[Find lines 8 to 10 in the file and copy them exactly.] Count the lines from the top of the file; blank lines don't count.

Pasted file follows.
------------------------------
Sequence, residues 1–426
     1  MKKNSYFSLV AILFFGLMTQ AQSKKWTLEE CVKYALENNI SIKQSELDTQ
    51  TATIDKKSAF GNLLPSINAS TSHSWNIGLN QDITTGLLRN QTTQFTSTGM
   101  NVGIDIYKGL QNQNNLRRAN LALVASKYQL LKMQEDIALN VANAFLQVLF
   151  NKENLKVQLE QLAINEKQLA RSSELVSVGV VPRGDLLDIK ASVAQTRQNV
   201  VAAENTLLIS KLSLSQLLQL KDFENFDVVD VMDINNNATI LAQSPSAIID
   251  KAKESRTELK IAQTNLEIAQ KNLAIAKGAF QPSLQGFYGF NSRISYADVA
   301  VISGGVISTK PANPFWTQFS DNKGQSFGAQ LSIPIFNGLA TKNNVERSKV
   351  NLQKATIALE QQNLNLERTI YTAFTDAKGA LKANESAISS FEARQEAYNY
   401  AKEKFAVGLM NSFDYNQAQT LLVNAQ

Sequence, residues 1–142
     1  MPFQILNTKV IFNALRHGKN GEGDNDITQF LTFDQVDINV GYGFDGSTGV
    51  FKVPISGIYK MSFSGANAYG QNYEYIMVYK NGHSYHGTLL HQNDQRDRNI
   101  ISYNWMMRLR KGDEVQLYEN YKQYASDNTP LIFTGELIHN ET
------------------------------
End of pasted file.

   301  VISGGVISTK PANPFWTQFS DNKGQSFGAQ LSIPIFNGLA TKNNVERSKV
   351  NLQKATIALE QQNLNLERTI YTAFTDAKGA LKANESAISS FEARQEAYNY
   401  AKEKFAVGLM NSFDYNQAQT LLVNAQ